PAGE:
Occidental Petroleum Corporation (NYSE: OXY) took full advantage of financial leverage through the acquisition of Anadarko. At first, it looked like fiscal 2020 was an unmitigated disaster, as oil prices plunged into negative territory.When Oil Breaks $100, It Looks Absolutely Brilliant a barrel. Now is the time to take the long view knowing that this industry is volatile and has poor visibility. The long-term outlook is excellent as the industry continues to make incredible technological advancements to drive down costs and bring more square footage into the Tier 1 sector. This makes the acquisition more valuable over time, as each new well drilled will yield more oil (and other products) than was anticipated at the time of the acquisition.
Admittedly, technological advancements and operational improvements (and cost reductions) are a race against time value for money. Large companies often face this problem because many large acquisitions take time to show the benefits of the acquisition. But soaring commodity prices in the last fiscal year have given the company a big boost, with years of progress at a time.
Now, the company doesn’t need that much money in the future to make this acquisition a success. Technology appears poised to provide a substantial boost in profitability in the future. Management has just announced the acquisition of Carbon Engineering Ltd. Occidental already has one of the largest secondary recovery operations in the U.S. in the Permian Basin. As unconventional wells age, large amounts of carbon dioxide will be required to produce more oil through secondary recovery. Management is clearly already thinking about this (the acquisition should further increase the value of the Anadarko acquisition as more oil will be drilled).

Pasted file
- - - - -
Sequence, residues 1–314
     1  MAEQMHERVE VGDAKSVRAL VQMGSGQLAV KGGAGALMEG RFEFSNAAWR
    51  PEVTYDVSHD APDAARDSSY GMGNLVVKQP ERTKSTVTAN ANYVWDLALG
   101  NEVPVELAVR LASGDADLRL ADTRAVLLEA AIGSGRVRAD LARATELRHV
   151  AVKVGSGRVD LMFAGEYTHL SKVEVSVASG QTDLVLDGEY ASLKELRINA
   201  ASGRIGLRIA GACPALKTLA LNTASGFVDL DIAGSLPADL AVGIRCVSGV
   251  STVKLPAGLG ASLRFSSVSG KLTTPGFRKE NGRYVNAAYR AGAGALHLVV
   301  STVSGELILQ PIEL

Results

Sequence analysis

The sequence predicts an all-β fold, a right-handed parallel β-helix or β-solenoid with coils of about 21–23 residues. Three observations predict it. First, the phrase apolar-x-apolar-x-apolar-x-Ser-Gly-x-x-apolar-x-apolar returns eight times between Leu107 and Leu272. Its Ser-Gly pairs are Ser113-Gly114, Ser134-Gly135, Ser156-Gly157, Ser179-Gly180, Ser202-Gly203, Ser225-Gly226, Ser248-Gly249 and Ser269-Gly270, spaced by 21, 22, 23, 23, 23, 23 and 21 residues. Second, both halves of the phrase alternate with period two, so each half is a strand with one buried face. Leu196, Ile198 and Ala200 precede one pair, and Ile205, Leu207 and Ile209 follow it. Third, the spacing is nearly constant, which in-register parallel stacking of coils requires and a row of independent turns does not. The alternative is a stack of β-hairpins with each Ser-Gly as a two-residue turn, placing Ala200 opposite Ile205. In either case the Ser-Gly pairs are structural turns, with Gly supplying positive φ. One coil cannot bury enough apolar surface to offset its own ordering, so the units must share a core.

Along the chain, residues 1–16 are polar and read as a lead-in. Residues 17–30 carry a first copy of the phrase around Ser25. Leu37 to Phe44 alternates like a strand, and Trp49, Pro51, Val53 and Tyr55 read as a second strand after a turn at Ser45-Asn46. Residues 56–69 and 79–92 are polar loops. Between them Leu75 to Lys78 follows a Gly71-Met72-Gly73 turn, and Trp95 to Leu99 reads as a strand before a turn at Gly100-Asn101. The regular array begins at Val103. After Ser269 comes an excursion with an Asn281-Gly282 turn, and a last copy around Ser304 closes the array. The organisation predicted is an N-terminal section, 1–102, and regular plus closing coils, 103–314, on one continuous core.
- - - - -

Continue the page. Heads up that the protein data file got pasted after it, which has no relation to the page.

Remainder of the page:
Still, favorable commodity prices always help. At the moment, the price doesn’t seem to be functioning as expected. Instead, they performed better. The more this happens early in the deleveraging process, the more likely the company will be able to demonstrate to shareholders the advantages of an acquisition.
Large acquisitions typically take five to seven years to fully realize the benefits. That could be frustrating for shareholders who were hoping to see all the results yesterday. But it could also mean a very competitive company in the future, with competitive advantages that were not available before the merger.
The most obvious improvement is the good results.
New well performance continues to at least (and likely exceed) rising costs elsewhere in the upstream system. This progress brings more acreage into the Tier 1 field than originally envisioned at the time of the merger. It also makes the acquisition more valuable over time.
Investors often wonder why company results don’t reflect the progress they can see. The reason is that given production there is still a cost while drilling. These costs don’t go away just because the newest wells are much better.
This means the reported results are a mix of new and established production. It will take time to drill enough wells the “new way” so that there are enough wells to report lower costs (and thus increased profitability) company-wide.
This is another basin where well performance is improving. Elsewhere, management mentioned (for example) that wells are getting longer (where needed or desired). Some things increase profitability and increase costs.